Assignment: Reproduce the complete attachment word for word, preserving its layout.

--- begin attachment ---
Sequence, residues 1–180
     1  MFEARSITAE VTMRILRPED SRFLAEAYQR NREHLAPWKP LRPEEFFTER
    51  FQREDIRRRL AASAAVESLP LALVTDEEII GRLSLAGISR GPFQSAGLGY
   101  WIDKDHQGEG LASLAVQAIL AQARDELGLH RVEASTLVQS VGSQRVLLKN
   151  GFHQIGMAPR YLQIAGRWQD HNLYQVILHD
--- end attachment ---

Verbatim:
Sequence, residues 1–180
     1  MFEARSITAE VTMRILRPED SRFLAEAYQR NREHLAPWKP LRPEEFFTER
    51  FQREDIRRRL AASAAVESLP LALVTDEEII GRLSLAGISR GPFQSAGLGY
   101  WIDKDHQGEG LASLAVQAIL AQARDELGLH RVEASTLVQS VGSQRVLLKN
   151  GFHQIGMAPR YLQIAGRWQD HNLYQVILHD